Monthly Archives: April 2013

Among the Gods

Once upon a time, in 1859 to be exact, two surveyors were wandering through the countryside not terribly far from the newly minted city of Denver.  They were headed south, with plans to create a new city – Colorado City.

On their way, they stumbled across an extraordinary formation of rocks.  Red sandstone jutted up out of the dry earth like shattered glass, dusty red against the black slopes and white peaks of the front range of the Rockies.  Enormous slabs of rock, hundreds of feet high, soared towards the sky.  Their knife-edge peaks leaned towards each other creating spectacular silhouettes against the bright blue western sky.

The two surveyors set down their packs and looked at the grandeur around them.  “This,” one said to the other, “would be a capital place for a beer garden.”

A capitol place for a beer garden

A capitol place for a beer garden

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            Of course there’s more to the story.  The other one said something prudish and sufficiently awestruck about how this landscape is not for drinking beer but rather for a gathering of the Gods, and they called it Garden of the Gods, and Colorado City became Colorado Springs.

But I like it best left off before all that.

rockies

Colorado Springs still sits on that knife edge, teetering dangerously between the surveyor who saw it as an ideal place to get drunk with friends, and his pious colleague who fell to his knees in prayer.  It is known as the home of Brady Boyd’s New Life Church (congregation: 8,900), the Air Force Academy, and that state’s right wing politics.

But then, I was there to see an interfaith ceremony in a Unitarian chapel, followed by a reception featuring finger puppets, stick on mustaches and a giant statue of a rooster.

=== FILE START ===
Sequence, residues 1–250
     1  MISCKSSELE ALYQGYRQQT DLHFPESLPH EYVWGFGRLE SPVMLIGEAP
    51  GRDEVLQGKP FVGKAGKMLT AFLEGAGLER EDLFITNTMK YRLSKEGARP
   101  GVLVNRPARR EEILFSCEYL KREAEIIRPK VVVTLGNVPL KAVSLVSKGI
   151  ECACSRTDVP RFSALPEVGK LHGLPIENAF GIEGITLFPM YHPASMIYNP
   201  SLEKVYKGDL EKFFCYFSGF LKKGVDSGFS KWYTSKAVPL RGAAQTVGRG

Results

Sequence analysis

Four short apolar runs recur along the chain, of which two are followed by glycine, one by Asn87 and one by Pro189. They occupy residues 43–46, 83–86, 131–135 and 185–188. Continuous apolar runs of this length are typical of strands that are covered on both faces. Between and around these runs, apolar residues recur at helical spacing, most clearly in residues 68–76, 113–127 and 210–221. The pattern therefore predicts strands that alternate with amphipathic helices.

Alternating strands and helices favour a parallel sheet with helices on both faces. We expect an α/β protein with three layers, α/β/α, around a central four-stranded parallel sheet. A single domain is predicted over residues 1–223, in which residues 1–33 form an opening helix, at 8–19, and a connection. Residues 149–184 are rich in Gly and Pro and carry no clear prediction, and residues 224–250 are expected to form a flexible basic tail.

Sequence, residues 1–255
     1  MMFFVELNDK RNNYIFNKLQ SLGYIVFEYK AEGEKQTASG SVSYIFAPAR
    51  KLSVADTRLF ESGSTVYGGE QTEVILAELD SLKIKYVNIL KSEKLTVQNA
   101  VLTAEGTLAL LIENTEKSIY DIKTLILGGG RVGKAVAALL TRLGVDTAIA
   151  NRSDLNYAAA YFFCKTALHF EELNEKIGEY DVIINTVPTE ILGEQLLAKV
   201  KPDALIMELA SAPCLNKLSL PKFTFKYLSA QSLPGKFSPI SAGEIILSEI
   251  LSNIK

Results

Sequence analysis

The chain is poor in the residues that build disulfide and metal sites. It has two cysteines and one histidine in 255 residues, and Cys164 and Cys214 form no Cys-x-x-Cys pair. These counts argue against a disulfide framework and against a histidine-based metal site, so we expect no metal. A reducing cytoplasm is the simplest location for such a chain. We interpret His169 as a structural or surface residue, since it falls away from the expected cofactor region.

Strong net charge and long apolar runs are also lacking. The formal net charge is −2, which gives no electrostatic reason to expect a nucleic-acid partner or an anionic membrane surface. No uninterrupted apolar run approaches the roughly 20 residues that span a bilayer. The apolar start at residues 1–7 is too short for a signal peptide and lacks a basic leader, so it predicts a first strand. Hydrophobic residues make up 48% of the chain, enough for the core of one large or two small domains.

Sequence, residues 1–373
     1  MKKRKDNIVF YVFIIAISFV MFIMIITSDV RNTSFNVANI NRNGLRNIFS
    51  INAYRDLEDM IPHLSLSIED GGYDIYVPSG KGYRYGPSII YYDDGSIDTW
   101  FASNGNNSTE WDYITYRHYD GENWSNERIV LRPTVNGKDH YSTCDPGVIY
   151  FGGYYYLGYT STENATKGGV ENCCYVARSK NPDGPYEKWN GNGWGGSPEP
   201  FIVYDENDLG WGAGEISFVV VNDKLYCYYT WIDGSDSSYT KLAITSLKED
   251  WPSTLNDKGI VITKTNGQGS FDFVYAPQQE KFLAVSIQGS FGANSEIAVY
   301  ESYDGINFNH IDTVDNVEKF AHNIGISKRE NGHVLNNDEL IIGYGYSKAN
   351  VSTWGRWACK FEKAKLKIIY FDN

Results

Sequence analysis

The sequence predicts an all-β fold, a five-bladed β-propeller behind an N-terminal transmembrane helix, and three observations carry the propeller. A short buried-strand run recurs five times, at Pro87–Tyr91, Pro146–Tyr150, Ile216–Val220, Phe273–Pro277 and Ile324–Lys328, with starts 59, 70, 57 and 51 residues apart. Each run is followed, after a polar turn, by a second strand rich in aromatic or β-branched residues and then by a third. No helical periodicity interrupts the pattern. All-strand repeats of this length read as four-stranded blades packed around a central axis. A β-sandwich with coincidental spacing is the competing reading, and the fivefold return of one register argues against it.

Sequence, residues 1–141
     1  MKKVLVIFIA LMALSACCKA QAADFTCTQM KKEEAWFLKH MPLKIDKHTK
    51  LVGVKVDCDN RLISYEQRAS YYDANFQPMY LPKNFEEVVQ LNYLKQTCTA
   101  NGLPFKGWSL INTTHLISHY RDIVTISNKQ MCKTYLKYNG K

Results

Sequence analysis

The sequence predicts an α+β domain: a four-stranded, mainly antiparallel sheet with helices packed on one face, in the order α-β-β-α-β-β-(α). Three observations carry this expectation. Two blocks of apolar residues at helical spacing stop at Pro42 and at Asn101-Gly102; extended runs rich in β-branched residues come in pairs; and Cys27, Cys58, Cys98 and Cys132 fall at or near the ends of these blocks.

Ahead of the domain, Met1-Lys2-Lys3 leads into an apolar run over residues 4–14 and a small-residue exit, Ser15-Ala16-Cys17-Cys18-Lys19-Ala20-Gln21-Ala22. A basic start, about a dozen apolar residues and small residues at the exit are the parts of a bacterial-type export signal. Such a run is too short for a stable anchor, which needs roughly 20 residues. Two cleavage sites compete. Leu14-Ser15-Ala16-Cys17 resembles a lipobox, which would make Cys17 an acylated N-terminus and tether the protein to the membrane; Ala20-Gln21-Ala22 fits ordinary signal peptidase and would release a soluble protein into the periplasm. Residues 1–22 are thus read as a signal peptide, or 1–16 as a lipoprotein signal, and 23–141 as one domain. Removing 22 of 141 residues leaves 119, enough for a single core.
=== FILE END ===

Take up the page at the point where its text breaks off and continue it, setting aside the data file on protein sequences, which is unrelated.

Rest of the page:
On Saturday afternoon, two of my favorite people stood up and told each other that they’d stick it out side by side for the rest of their lives.  And everyone else cried.  The whole time.  Just absolute floods of tears.  Really silly, overwhelming amounts of tears.  I was told on two separate occasions that this not being, after all, my own wedding, I really had to hold it together.

I didn’t hold it together.

I cried twice more during the toasts, once during a dance, and a little just because the sunset was pretty.

See?  Wasn't lying about the finger puppets.

See? Wasn’t lying about the finger puppets.

I can’t say I saw a lot of the megachurch side of Colorado Springs.  My family’s history is in Denver, and with a natural Denver chip on my shoulder I expected to be overrun with street preachers the second I arrived.  Somehow I thought they’d be in the hotel lobby, handing me bibles with my breakfast burrito. (I hope that Colorado Springs takes no offence.  I just really believe what movies tell me about places.  When I was 12 I told my mother how surprised I was there weren’t potholes on the runway at JFK.)

But watching these two wonderful families toast their son and daughter, sing, dance, and make s’mores, I did feel, at least a little bit, that we were at a gathering of the Gods.  Also, without a doubt, at a damned fine beer garden.

megmark

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A Friendly Town